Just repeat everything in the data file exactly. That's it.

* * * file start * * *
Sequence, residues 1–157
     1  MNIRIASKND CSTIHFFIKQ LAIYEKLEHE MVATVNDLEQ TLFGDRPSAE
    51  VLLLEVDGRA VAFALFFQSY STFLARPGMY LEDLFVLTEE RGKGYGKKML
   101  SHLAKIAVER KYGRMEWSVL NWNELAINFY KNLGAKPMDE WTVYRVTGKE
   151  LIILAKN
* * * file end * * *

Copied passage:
Sequence, residues 1–157
     1  MNIRIASKND CSTIHFFIKQ LAIYEKLEHE MVATVNDLEQ TLFGDRPSAE
    51  VLLLEVDGRA VAFALFFQSY STFLARPGMY LEDLFVLTEE RGKGYGKKML
   101  SHLAKIAVER KYGRMEWSVL NWNELAINFY KNLGAKPMDE WTVYRVTGKE
   151  LIILAKN